The top two drivers, “employees” and “company perception” are the same as those for Accenture. However, the rest of the topics change quite a bit, which is expected considering the employee value proposition of Capgemini.
The proposal is clearly represented by the topics “attitude/behavior” and “supportive”, which are perceived as positive for most employees.
“Flexibility” is another important driver but does not appear to compensate for concerns about low salary, which is their biggest barrier.
“Career pathway” and “work-life balance” emerge as topics that interest employees. There are more positive than negative opinions regarding both aspects but, the number of negative ones makes reviewing these aspects something to consider.
Trending topics among Capgemini employees
We observe that the topics “equal rights”, “caring” and “respectfulness” show a constant line which confirms the company identity with trust and ethical behavior as the leading prism.
However, “flexibility” is at an all-time low at the beginning of COVID and experiences a rise after March 2020.
“Supportiveness” has also been a changing point over the year. In this case, finding a way of making it more stable would be the next priority.
Goldman Sachs: a great environment to focus only on work
What about Goldman Sachs’s culture and value proposition? We summarize the most relevant ideas to better understand the essence of the company:
- “Ours is a culture of teamwork.”
- “At every step of our employees’ careers we invest in them, and ensure their interests remain focused on the long term and closely aligned with those of our clients and shareholders.”
- “Our commitment to creating and sustaining a diverse work environment is absolute.”
See what employees have to say about this!
Goldman Sachs drivers and barriers
The main driver and barrier for Goldman Sachs are the same as those identified for Accenture: “employees” and “working hours”, respectively.
Working long hours makes maintaining a “work-life balance” nearly impossible, so it is understandable that it appears as the second barrier.
“Salary” and “competency” are also drivers, which help offset the effect of working overtime.
COVID affects employee perception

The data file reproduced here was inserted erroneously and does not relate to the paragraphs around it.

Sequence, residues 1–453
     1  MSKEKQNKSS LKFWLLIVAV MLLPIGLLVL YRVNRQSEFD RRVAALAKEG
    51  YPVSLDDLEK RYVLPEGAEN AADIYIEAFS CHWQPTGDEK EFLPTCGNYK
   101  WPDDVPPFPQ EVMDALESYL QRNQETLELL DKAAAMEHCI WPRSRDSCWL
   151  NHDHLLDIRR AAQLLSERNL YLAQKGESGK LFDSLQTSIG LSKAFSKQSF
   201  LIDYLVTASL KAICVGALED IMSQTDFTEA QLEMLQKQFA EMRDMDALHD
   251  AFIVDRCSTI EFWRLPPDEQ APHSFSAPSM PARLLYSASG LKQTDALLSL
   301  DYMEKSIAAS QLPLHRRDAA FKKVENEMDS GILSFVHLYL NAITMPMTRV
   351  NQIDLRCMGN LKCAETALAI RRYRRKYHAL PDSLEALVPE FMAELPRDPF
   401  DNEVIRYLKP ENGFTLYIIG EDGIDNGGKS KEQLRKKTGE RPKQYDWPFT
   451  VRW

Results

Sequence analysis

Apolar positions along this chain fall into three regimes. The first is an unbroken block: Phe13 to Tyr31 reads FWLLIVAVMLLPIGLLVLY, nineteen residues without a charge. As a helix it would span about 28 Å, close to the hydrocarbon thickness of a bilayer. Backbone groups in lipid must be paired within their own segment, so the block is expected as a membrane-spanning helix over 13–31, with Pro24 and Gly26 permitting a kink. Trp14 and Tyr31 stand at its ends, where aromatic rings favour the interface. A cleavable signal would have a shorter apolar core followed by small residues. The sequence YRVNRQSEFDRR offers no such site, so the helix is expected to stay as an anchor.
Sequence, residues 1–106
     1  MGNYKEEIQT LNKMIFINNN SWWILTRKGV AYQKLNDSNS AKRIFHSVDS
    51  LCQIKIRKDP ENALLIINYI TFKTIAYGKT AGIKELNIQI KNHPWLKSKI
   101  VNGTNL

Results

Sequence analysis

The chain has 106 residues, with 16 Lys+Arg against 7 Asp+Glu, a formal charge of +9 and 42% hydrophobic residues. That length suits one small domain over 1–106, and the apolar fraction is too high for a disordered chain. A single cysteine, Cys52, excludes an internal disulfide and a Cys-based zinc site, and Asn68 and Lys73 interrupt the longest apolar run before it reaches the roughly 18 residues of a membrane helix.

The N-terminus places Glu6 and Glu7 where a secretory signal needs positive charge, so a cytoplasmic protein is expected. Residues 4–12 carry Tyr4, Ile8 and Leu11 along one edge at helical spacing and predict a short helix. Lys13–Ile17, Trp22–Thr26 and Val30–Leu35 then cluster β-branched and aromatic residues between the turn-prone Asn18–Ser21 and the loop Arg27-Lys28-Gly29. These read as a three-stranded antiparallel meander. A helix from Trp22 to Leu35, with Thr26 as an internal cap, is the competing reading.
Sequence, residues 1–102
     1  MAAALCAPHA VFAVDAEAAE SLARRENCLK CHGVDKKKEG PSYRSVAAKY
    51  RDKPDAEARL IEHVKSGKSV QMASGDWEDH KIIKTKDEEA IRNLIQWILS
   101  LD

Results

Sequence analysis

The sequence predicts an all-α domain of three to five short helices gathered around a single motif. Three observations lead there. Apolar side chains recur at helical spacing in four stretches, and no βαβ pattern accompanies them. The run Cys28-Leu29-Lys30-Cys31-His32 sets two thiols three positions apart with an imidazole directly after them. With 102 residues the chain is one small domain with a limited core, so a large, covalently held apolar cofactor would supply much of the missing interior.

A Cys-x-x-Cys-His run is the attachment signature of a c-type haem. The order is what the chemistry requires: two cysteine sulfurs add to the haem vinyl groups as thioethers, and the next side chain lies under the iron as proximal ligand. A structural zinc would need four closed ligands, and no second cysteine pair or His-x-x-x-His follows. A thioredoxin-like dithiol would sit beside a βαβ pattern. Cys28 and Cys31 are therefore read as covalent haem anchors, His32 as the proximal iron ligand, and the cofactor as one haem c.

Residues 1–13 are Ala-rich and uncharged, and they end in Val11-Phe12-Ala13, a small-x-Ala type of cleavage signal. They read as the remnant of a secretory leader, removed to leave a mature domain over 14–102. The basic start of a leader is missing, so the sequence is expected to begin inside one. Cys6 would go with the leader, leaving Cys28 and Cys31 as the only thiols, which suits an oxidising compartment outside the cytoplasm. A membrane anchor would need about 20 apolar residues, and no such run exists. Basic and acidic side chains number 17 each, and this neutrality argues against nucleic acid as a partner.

“Company perception” is largely positive in general, but it has been affected by the environment generated during the COVID crisis: working from home, fast-paced changes, or trying to accomplish teamwork at a distance negatively impact the company perception and employee satisfaction.
In order not to lose this powerful driver, it would be necessary to take initiative to regain the company spirit, focusing on the areas highlighted as problematic by the data analysis.
A quick comparison: Who wins?
We can recognise a significant difference in topic distribution between the younger companies and Goldman Sachs, which also reflects the differences in the scope of business: consulting vs. investment banking.
• Goldman Sachs, which—with its 1869 inception, is the most mature of the companies analysed, ranks the highest when it comes to overall company perception, but ranks the lowest when it comes to professional growth.
• Accenture as the youngest company among the three (founded in 1989), is leading when it comes to development opportunities; however, this ultimately leads to a high turnover.
• Capgemini demonstrates a high degree of flexibility, which tends to overlap with the work-life balance. Flexibility is a weaker point for both Goldman Sachs and Accenture.
Employee satisfaction is a critical success factor for organizations.
Even though each of the companies has its lights and shadows, the important thing is to understand them and keep improving, because this will enable you to not only keep productivity and engagement high today but increase retention and loyalty in the long run.
Consider the progress you could make by knowing more about what your employees are thinking.! What are you waiting for?
Book a free, personal demo now to understand real insights from your employees with the Symanto Insights Platform.